Man who threw acid on girlfriend sentenced to 30 years
(Editor's note: This story printed in the July 26, 2018, Allegan County News.) A man who destroyed most of his girlfriend’s eyesight by rubbing acid in her face has been sent to prison for 30 years.
Gregory Alan Marsman, 55, pleaded guilty but mentally ill in May to one count of torture.
In a hearing Friday, July 20, in Allegan County Circuit Court, Marsman was sentenced to 30 to 60 years in prison by Judge Margaret Zuzich Bakker, a sentence above the advisory guidelines in the case.
“Based on the level of injury and the level of pain she experienced and the destruction of her independence,” Bakker said.
The victim, according to medical reports discussed in court, lost her eyesight completely in one eye and has only a little vision left in the other, which she may lose at some point.
The incident happened in March 2016 at the victim’s home on 66th Street in Ganges Township. Marsman was later arrested in Berrien County.
Police reports used at the plea hearing in May said Marsman had lived with the victim and she’d been trying to get him to leave. She came home to find he had an open propane tank next to candles, had trashed the house and attacked her with the acid when she tried to leave. After he attacked her with the acid, the victim crawled to her neighbor’s house for help.
Allegan County chief assistant prosecutor Judith C. Kasson argued for a longer sentence for Marsman.
“I spoke to the victim,” Kasson said. “She’s not present because she’s terrified of the defendant.
“She’s afraid that he’ll get out of prison and come after her.”
During the attack, Kasson said, the victim had the muriatic acid poured on her face and chest. She even swallowed some, the prosecutor said, and Marsman used his thumb to rub the acid into one of her eyes.
After the attack, she said, Marsman stole the victim’s car and left. At one time, she said, he’d said he came back to check on her but that wasn’t true.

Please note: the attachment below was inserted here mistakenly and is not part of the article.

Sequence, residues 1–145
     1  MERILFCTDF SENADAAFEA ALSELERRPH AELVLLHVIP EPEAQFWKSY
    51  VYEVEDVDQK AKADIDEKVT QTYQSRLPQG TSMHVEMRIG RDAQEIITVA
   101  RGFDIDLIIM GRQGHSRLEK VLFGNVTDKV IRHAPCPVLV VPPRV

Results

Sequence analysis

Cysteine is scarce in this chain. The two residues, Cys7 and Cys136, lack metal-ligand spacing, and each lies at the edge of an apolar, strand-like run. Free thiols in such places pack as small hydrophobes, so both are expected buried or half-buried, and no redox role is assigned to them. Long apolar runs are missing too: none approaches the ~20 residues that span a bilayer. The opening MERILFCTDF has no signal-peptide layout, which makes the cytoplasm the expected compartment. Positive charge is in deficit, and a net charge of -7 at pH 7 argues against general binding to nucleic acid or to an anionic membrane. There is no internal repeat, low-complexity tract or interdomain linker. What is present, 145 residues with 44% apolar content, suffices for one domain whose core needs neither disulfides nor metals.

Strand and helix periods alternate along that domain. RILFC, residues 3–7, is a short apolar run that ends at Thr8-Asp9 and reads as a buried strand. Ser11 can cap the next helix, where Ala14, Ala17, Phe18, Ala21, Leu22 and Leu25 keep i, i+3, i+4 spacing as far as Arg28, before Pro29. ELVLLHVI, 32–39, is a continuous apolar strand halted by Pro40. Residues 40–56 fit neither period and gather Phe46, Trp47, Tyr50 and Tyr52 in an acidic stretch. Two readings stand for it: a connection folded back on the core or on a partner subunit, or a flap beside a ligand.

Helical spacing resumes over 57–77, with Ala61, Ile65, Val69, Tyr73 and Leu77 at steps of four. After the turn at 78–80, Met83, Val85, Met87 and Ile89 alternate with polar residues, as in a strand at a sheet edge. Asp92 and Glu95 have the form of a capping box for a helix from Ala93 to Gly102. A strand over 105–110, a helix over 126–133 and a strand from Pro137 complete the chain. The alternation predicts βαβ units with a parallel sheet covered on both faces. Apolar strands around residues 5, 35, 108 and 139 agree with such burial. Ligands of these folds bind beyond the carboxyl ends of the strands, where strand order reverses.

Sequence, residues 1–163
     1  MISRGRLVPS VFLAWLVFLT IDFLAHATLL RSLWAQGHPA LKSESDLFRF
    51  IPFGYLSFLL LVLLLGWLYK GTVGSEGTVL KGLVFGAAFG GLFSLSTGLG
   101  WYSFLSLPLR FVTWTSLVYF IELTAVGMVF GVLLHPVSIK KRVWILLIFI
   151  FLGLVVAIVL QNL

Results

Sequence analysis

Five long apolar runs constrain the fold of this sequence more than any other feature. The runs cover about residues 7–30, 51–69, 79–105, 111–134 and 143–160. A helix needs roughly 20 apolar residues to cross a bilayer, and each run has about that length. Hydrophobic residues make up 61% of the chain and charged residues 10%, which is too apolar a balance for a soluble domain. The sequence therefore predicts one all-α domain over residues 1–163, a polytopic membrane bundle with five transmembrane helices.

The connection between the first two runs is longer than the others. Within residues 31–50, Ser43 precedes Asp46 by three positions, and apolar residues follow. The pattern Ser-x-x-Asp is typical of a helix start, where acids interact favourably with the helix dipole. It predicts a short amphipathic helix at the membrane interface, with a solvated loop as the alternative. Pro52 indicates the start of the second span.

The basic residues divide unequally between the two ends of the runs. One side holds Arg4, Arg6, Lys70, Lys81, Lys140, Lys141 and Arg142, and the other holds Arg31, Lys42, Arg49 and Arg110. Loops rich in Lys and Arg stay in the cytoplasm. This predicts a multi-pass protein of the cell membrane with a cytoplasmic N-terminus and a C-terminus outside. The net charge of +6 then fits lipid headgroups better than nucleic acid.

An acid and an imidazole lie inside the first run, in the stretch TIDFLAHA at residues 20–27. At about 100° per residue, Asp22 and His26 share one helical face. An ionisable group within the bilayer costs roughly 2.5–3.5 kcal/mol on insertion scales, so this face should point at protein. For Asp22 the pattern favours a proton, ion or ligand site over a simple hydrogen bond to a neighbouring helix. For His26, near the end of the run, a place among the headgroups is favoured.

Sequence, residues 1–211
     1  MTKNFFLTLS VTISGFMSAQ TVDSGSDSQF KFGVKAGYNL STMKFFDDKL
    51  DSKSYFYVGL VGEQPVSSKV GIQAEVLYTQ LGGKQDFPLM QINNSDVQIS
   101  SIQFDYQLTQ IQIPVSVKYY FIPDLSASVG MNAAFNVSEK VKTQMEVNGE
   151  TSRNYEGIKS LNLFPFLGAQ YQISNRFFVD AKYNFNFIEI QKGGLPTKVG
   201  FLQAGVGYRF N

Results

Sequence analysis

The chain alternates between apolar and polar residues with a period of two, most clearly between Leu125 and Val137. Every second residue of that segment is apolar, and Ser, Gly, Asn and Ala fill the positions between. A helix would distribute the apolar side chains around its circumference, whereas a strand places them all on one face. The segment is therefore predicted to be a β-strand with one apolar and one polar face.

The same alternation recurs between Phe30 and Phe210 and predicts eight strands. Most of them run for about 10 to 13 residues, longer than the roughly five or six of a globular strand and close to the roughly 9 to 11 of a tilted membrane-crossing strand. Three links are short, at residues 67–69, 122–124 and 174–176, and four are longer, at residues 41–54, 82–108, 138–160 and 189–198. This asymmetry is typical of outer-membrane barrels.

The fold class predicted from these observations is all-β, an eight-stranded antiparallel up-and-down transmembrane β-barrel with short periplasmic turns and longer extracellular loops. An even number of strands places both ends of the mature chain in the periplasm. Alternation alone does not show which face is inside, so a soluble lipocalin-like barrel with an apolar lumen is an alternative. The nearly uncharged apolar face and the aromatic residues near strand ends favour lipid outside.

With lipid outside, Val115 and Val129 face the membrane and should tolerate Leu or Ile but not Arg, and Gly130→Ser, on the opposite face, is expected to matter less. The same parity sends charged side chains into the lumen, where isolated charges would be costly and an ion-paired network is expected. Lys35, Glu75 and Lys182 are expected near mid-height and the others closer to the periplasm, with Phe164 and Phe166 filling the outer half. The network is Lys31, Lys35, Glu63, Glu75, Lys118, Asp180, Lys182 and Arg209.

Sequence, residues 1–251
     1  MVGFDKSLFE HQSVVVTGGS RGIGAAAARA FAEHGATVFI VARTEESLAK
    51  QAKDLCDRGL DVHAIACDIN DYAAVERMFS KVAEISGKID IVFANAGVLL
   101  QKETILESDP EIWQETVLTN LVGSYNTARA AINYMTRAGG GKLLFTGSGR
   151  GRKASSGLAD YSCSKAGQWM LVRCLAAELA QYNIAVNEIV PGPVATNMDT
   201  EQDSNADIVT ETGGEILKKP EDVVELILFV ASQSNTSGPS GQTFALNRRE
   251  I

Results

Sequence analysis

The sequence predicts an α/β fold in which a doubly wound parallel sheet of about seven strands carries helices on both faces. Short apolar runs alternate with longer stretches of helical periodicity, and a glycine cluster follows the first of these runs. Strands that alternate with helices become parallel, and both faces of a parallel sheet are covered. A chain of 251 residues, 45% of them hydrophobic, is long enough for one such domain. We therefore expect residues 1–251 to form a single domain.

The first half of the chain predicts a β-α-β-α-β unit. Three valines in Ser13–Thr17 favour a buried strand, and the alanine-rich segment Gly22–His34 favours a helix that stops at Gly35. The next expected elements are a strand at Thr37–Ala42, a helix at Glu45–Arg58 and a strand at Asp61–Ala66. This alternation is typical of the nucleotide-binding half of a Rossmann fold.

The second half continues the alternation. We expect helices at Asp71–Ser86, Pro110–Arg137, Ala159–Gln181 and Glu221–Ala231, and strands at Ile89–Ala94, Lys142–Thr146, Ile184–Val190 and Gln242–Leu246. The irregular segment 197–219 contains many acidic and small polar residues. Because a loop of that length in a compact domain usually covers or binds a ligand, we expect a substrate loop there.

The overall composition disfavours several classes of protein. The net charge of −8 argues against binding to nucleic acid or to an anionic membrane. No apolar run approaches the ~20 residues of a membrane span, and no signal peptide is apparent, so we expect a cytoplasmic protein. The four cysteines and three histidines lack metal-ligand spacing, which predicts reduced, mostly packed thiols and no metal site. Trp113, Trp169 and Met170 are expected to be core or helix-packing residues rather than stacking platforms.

“He went back not to check on her, but to get her credit card to buy cigarettes,” Kasson said.
Marsman was arrested at hotel in Berrien County hours after the incident and lab reports showed he’d been drinking alcohol.
She said Marsman said he’d been driven by his belief he was seeing demons to attack the victim, but cast doubt on that explanation by noting Marsman hadn’t attacked anyone else.
“He had no misconduct or aggressive episodes in jail,” Kasson said.
The Michigan Forensic Center personnel who examined Marsman judged that he was competent to stand trial and was criminally responsible for his actions the night of the crime. They found that he had significant mental illness, however, and that led the judge to accept the plea of guilty but mentally ill.
The victim’s life had been very significantly damaged, Kasson said.
“The victim has suffered extremely because of this incident and can’t really take care of herself,” Kasson said. “She can’t drive and she can’t watch TV or read without a magnifying glass.”
She urged Bakker to go above the advisory sentencing guidelines in the case.
“I don’t believe the guidelines account for what he did,” Kasson said.
She asked for a 40 to 60 year sentence.
Attorney Paul Klein of Allegan represented Marsman and said, “I believe Mr. Marsman has a difficult time realizing that it was really him who performed these actions.
“I don’t think there’s a question he was suffering from significant mental illness and long term mental illness in this case.”
Klein said his client felt terrible his actions had caused permanent psychological and physical injuries to the victim.
He said there was no question in his mind mental illness had contributed to the attack and he said Kasson’s argument that Marsman hadn’t had any bad behavior in jail implied that wasn’t the case was wrong.
“He received proper treatment and he responded to that,” Klein said.
He suggested the sentence should fall within the probation department recommendation of 15 to 30 years.
Marsman said he still couldn’t believe what he’d done.
“Never a day goes by that I don’t feel terrible and grieve over the person I injured,” he said.
Before handing down the 30- to 60-year sentence, the judge said, “Just reading the report was sobering, let alone the concept of being the victim of these acts.
“It’s impossible to imagine what the victim is going through and continues to go through.”
“There isn’t a possibility to restore this victim to what she was before this case.”
The judge said she agreed going above the guidelines was justified.
“I believe the prosecutor stated sufficient grounds to go above the guidelines.,” Bakker said.
Marsman was given credit for 156 days served and ordered to pay $1,335 in restitution.
As part of a plea agreement, prosecutors agreed to drop charges of first degree home invasion, domestic violence, assault with intent to commit great bodily harm and a fourth habitual offender notice in exchange for the plea.
Contact Dan Pepper at firstname.lastname@example.org or at (269) 673-5534.